The Case for a Fixed-Bearing Unicompartmental Knee Arthroplasty
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First introduced in the 1970’s, the unicompartmental knee arthroplasty did not gain initial widespread acceptance. Early reports by Insall and Aglietti, and Laskin suggested a high failure rate. However these studies included patients who underwent concomitant patellectomy, had inflammatory arthropathy, or who had a very thin (6 mm) tibial polyethylene component1,2. Over the subsequent decade, however, good results were reported for both medial and lateral unicompartmental designs, as the indications for unicompartmental arthroplasty gradually became better defined3,4. Longer follow-up studies have since reported ten-year survival rates without revision for unicompartmental implants ranging from 82% to 98%5-14…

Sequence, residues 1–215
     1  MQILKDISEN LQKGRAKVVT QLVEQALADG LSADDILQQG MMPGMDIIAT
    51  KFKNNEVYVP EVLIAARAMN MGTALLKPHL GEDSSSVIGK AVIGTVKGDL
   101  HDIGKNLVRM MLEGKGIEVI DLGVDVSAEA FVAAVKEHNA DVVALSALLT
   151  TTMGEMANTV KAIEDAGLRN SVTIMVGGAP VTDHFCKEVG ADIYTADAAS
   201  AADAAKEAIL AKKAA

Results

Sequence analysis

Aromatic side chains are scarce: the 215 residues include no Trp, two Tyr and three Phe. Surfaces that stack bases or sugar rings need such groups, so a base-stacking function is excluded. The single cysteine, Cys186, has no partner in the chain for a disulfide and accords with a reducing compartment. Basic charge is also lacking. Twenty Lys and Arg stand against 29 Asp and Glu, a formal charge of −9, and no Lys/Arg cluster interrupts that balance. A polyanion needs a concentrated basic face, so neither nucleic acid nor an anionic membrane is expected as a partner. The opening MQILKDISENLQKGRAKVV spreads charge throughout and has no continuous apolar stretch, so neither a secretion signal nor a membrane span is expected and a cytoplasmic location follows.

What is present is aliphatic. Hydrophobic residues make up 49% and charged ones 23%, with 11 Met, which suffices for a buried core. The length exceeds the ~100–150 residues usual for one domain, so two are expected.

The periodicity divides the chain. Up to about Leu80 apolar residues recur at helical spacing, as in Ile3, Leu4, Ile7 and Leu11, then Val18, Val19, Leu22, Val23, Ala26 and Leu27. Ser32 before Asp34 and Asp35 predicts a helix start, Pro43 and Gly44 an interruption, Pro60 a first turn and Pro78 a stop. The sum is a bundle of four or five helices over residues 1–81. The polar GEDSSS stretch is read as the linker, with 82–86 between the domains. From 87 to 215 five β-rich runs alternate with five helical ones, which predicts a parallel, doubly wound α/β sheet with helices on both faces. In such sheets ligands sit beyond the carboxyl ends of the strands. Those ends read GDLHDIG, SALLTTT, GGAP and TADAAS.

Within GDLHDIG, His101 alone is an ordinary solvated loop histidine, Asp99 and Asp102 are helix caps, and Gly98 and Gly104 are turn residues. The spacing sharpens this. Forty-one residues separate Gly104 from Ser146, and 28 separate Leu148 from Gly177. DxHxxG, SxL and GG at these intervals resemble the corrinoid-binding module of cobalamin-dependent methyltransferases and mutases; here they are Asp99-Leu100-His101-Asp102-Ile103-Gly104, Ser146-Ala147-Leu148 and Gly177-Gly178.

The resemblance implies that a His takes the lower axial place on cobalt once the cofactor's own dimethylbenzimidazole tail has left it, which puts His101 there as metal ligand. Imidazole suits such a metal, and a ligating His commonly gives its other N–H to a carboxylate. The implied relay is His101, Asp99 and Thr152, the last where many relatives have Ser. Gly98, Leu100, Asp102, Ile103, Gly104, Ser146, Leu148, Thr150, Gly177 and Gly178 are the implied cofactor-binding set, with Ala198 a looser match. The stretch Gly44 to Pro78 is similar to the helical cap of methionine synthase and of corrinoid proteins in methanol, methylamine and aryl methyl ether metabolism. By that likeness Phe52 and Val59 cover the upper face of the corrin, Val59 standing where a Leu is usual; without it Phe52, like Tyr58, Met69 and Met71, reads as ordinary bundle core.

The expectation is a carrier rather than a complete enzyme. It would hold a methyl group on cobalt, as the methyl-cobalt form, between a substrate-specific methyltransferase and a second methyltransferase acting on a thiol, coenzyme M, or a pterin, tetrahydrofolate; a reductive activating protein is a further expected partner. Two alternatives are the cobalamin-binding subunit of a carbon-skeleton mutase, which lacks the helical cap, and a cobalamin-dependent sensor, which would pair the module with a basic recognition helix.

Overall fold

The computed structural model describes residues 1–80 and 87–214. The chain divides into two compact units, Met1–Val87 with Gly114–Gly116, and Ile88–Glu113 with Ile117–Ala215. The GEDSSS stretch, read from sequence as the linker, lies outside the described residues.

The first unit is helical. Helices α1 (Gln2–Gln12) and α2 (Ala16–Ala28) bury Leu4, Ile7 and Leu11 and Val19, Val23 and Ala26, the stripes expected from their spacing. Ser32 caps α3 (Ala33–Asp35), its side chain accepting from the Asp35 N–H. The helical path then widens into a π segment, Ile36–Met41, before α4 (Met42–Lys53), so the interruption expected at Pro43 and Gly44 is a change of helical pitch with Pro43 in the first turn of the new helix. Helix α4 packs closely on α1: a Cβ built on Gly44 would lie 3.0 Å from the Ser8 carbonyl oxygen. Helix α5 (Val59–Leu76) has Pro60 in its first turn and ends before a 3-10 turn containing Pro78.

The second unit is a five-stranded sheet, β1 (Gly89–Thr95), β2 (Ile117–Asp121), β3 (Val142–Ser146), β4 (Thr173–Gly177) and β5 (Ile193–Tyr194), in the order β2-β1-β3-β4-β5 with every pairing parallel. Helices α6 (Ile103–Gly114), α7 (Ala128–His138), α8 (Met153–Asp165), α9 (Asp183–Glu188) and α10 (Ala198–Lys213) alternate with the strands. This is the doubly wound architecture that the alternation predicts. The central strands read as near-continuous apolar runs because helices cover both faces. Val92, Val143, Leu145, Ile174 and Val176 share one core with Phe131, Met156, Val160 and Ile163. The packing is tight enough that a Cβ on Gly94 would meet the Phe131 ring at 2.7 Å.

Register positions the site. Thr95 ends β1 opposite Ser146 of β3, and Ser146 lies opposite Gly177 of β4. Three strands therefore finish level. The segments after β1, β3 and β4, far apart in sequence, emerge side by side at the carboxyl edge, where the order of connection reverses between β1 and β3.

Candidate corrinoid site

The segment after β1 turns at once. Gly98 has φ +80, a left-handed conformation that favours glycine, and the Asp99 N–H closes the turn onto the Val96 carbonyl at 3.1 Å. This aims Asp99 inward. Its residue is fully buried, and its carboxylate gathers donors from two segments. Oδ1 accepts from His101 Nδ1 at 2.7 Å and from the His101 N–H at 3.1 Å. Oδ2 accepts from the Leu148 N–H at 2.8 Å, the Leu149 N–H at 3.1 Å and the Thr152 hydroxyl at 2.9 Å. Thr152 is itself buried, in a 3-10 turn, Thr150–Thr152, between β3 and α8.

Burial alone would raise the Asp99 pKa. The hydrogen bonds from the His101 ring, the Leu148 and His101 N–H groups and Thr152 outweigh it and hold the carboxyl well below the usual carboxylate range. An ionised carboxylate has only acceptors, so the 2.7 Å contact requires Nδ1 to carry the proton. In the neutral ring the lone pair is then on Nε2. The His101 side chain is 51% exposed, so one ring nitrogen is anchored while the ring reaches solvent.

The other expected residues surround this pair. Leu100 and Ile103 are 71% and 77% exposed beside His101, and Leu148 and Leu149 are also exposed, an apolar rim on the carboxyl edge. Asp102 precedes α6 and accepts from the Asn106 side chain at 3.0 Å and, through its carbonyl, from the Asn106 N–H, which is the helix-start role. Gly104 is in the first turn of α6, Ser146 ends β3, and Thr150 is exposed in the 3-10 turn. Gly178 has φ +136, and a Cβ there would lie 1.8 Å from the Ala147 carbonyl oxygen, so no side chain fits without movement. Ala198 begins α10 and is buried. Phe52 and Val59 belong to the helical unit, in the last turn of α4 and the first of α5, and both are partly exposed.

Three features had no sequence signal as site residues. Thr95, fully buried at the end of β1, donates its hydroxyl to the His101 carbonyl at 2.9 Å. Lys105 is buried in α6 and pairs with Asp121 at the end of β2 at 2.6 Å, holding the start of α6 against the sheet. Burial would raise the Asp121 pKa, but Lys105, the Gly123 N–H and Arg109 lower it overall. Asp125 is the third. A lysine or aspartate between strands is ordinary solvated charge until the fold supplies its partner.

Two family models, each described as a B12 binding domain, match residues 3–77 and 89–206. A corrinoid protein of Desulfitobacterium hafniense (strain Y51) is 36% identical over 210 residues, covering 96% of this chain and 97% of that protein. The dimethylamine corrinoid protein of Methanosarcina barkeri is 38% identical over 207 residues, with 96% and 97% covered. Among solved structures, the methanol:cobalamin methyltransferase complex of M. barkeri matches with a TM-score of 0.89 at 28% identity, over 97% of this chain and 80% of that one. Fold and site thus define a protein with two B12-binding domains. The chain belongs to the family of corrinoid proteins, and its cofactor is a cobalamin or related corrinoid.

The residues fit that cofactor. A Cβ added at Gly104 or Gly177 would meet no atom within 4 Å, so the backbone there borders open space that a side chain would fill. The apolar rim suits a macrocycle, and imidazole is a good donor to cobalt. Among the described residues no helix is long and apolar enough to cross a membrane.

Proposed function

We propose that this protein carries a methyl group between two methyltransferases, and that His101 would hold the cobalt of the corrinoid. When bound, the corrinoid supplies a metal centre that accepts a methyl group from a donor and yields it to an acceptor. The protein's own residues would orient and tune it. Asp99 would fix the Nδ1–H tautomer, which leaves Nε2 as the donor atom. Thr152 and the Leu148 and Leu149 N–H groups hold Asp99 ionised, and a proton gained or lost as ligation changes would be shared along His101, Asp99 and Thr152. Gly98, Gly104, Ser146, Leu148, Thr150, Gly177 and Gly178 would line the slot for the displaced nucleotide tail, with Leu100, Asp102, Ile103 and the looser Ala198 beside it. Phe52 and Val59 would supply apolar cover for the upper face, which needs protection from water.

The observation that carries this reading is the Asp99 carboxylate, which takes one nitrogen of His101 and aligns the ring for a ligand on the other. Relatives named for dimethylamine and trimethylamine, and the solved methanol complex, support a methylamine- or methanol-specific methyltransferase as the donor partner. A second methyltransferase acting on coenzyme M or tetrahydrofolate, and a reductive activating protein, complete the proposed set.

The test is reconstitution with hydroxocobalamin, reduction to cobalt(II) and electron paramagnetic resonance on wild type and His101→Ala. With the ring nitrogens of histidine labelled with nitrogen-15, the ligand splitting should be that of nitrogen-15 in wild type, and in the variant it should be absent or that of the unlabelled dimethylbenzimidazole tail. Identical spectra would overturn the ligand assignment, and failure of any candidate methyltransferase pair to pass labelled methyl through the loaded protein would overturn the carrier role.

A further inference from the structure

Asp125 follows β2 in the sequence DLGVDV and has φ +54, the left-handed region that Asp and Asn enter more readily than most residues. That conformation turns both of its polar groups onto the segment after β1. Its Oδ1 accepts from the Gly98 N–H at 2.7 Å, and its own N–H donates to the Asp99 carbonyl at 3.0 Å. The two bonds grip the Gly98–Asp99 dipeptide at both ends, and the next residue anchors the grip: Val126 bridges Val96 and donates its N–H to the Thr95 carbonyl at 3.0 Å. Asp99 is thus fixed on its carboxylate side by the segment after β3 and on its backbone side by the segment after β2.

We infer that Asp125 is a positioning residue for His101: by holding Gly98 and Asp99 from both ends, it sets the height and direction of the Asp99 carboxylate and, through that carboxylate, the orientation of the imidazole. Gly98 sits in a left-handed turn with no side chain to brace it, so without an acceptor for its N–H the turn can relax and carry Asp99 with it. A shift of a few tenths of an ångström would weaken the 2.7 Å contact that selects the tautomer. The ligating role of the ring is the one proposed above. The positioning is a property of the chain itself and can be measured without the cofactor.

…In summary, unicompartmental knee arthroplasty remains an excellent treatment alternative for osteoarthritis confined to the medial or lateral part of the knee joint. Fixed-bearing implants have been shown to provide good pain relief and restoration of function, and have reproducibly demonstrated excellent survivorship into the second decade. This author makes the case for a fixed-bearing over a mobile-bearing implant because they are technically easier, avoid the complication of bearing dislocation, are more versatile, and less expensive.
Douglas Naudie, M.D., FRCSC
Assistant Professor, University of Western Ontario